BEIJING (Reuters) - Yu‘e Bao, a money market fund under China’s Ant Financial, will impose a cap on individual accounts at 250,000 yuan ($36,475), amid tightening regulatory oversight of China’s financial markets.
The cap, which comes into effect from May 27, will apply to new investments but not existing accounts, Tianhong Asset Management Co Ltd, which is majority owned by Ant Financial and manages the fund, said in a statement on its website.
Set up in 2013, Yu‘e Bao, which translates literally as “leftover treasure”, had 1.14 trillion yuan ($166.27 billion) of funds under management at the end of the first quarter, making it one of the biggest money market funds in the world.
Ant Financial, which confirmed the cap, is the payment affiliate of Alibaba Group Holding Ltd.
The move comes as China looks to curtail financial risks amid growing concerns over high levels of debt.
Moody’s downgraded China’s credit ratings this week for the first time in nearly 30 years, saying it expected the financial strength of the economy would erode in coming years as growth slows and debt continues to rise.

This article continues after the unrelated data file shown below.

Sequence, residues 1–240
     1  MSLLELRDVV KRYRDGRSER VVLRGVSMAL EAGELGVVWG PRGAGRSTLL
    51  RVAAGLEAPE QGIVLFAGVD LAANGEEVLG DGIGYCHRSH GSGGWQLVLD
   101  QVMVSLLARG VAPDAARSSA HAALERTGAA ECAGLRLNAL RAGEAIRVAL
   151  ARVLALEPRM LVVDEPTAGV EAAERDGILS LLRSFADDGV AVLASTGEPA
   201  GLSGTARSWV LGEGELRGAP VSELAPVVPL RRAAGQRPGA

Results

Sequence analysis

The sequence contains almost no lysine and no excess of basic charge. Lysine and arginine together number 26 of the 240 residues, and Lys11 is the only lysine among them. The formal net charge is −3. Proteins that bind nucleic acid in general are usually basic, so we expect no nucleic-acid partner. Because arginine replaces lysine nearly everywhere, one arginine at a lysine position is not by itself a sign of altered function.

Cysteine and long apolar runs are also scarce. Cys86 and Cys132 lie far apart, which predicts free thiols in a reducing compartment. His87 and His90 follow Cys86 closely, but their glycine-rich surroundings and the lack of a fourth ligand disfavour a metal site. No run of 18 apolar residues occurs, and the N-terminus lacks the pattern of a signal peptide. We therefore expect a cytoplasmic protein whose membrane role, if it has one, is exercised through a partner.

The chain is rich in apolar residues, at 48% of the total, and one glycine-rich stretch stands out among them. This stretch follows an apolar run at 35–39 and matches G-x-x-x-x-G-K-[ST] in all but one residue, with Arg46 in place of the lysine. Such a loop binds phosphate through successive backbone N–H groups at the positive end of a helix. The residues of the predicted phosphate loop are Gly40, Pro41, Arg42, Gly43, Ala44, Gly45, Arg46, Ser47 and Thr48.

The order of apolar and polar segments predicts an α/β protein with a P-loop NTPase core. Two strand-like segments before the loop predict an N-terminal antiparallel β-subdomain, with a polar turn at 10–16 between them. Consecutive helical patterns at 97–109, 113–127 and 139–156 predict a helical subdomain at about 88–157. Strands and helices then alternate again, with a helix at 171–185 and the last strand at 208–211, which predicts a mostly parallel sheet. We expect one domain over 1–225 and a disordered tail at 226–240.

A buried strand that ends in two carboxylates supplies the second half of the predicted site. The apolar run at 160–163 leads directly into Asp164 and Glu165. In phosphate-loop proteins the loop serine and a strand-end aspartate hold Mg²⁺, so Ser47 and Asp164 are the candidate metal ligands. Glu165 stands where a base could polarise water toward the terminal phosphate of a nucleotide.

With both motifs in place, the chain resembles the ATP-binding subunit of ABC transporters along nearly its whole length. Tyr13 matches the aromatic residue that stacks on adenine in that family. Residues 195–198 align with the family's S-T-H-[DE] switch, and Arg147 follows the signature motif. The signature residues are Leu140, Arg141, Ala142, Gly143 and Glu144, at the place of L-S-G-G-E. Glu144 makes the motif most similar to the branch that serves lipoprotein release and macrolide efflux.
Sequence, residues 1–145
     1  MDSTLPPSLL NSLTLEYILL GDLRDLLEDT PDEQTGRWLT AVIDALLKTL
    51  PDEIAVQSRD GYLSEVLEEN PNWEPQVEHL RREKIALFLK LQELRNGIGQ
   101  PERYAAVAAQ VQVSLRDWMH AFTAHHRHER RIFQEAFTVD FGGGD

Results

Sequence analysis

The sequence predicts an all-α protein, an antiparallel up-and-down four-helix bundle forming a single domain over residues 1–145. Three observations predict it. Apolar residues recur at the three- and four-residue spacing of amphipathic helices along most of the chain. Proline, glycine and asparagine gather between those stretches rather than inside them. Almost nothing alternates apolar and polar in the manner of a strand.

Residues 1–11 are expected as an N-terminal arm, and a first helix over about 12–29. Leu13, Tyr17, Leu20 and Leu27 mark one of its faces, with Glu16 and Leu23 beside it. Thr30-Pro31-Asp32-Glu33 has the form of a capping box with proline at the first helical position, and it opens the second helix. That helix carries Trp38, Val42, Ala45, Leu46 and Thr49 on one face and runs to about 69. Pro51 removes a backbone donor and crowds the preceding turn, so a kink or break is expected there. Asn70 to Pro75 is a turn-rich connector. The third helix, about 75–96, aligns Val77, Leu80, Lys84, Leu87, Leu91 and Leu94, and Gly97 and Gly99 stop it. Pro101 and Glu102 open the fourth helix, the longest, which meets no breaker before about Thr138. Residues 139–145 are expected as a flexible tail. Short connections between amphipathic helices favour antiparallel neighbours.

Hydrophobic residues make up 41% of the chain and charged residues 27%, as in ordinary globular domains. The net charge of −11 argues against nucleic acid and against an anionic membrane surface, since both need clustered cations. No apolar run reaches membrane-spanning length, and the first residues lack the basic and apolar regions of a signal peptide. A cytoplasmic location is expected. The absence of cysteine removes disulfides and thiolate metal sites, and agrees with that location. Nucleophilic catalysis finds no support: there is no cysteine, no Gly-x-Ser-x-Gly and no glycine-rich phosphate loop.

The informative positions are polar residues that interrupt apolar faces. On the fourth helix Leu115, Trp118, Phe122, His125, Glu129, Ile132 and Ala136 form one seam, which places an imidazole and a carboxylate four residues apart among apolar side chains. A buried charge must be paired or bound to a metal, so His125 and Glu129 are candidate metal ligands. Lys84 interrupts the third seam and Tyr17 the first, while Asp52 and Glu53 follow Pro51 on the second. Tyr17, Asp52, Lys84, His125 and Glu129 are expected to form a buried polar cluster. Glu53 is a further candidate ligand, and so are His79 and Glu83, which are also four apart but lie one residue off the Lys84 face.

Beijing has made financial risk a top priority this year following a sharp rise in leverage in the economy, but tighter control of bank lending risks pushing borrowers towards the opaque, often less regulated, shadow banking sector.
Chinese regulators have issued a flurry of measures to clamp down on the shadow banking sector in recent months, while the central bank has raised short-term interest rates.
Following its launch, Yu‘e Bao initially had a cap of one million yuan, but this was removed at some point, leaving it with no maximum or minimum limit on accounts. It has around 325 million investors, the vast majority of which are individuals.
An Ant Financial spokeswoman told Reuters the decision was made by Tianhong and said that it was related to the fund’s product placement, targeting smaller individual investments. The average investor contributes 3,800 yuan, she said.
($1 = 6.8540 Chinese yuan renminbi)
Reporting by Cate Cadell and Beijing Monitoring Desk; Editing by David Clarke and Jane Merriman